It doesn’t need to be perfect right now because you will actually secure the seams from the inside.
STEP 8 | Join The Sides And Bottom
Roll out the clay into a long skinny piece. This piece is called a slip. Trim it so it fits curled up at the inside bottom of the planter.
If your fingers can reach, then gently press this into the corners where the bottom and sides meet.
I used a wooden “extended thumb” joiner, but the eraser end of a pencil should do a pretty good job.
Dip the wooden joiner into water and smooth and blend the slip piece until it is fairly, seamlessly joined together.
STEP 9 | Make The Planter’s Drainage Hole
First flip the planter over to make sure the seams on the outside bottom look joined and smooth, if not, use water and join and smooth them.
Now remove the clay from the bottle. Use the palette knife if it is still sticking.
Take the joiner (or a pencil) and clear out a hole in the center.
Now let this cure for a couple of days, or fast forward with the heat method described in Step 6.
If you have any cracks, they can be filled in by taking a small amount of clay and moistening it and then mixing the water in to create a paste.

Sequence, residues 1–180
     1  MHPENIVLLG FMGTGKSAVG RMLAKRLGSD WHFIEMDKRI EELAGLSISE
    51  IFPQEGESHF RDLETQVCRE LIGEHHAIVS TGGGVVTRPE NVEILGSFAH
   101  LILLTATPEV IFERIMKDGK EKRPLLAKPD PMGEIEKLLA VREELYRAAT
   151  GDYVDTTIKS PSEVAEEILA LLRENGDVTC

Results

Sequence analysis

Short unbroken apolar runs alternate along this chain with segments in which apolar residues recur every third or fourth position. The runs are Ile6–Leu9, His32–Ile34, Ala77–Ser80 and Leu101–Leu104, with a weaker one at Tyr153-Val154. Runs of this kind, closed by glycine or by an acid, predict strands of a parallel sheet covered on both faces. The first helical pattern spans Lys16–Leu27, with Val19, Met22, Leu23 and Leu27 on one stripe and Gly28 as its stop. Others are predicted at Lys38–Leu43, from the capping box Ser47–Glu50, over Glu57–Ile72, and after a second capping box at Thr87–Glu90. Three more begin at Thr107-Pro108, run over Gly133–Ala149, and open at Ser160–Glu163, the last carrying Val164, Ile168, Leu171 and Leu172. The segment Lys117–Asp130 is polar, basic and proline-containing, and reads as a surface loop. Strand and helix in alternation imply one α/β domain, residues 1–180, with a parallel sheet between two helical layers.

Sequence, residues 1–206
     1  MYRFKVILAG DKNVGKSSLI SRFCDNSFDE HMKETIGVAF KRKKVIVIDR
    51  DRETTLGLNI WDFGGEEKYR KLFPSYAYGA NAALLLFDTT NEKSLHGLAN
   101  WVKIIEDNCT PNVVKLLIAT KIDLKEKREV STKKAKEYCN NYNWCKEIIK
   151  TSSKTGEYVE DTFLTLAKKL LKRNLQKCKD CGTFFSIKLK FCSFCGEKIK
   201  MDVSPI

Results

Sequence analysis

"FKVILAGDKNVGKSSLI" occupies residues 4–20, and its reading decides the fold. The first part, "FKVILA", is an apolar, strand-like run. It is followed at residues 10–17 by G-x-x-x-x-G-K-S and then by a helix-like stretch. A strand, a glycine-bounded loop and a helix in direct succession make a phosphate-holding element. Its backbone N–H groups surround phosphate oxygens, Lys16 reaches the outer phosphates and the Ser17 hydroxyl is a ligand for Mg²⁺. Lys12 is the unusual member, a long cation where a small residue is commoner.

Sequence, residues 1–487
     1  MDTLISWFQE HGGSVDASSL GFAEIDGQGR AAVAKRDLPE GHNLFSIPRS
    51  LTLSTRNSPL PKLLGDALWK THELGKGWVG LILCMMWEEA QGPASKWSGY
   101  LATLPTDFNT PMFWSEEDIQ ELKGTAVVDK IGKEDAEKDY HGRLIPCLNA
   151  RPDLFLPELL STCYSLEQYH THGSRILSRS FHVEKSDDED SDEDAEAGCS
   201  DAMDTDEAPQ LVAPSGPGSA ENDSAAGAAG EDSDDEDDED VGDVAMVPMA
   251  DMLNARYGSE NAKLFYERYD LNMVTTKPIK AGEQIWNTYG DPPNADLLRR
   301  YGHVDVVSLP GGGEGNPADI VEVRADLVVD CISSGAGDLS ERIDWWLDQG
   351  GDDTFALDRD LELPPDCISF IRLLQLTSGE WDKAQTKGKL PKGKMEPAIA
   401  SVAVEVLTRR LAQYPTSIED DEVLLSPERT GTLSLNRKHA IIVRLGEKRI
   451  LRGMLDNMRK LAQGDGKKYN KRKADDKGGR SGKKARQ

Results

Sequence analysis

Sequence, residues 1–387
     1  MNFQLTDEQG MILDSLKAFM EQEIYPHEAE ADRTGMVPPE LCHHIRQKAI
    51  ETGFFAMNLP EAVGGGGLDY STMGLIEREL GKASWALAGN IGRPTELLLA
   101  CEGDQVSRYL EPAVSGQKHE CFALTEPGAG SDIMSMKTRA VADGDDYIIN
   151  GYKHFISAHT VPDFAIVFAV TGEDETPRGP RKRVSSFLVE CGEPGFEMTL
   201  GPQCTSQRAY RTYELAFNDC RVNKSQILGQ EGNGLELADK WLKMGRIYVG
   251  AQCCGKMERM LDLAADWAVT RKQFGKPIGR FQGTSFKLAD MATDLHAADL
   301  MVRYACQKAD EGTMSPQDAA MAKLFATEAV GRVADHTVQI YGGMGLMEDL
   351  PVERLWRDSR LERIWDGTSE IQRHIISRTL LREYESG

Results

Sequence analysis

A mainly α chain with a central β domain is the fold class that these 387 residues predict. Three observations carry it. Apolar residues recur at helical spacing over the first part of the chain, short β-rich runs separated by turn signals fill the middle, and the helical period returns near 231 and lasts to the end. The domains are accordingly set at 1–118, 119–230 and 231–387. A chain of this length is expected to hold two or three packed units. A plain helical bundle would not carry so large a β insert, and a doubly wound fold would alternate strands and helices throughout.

Just press this paste into any cracks and smooth over.
STEP 10 | Clean And Finish The Clay Planter
Once the air dry clay has fully cured, you can sand it.
If you have any major flaws or bumps, you can use an #80 or #150 grit sandpaper to file them down. For minor abrasions or marks, use #220 grit or higher.
Please note, a low grit sandpaper like #80 will be quite aggressive, so take it easy when sanding with that.
FINAL STEP | Seal The Ribbed Air Dry Clay Planter
Air dry clay isn’t waterproof. It’s not even water resistant. How do you waterproof air dry clay? You seal it in in one way or another. It can be sealed with acrylic paint, varnish or even an acrylic concrete sealer. It can even be coated with epoxy resin.
There’s a lot of different information on the internet on what can or can’t be done to make this suitable as a planter, but there’s no consensus.
After my experiments with concrete, I feel comfortable using this as a planter if an actual varnish is used on the inside.
The soil mixing with water is where you will have the most potential for discoloration, not to mention, wet air dry clay will just dissipate eventually.
For the outside, you should be safe to use paint or concrete sealer. Not all concrete sealers are alike, but you should be fine using this sealer.
Since I just made this ribbed air dry clay planter, I can’t give you any feedback yet, but I will update in about a month. If you paint it inside and out, as well as seal it, you should definitely be fine.
First I used a soft cloth to wipe off the clay dust that was stuck to the planter after sanding it. Then I used a foam brush to brush on varnish both inside and outside the planter.
Please be sure you get every little nook and cranny. I ended up double coating mine to be safe.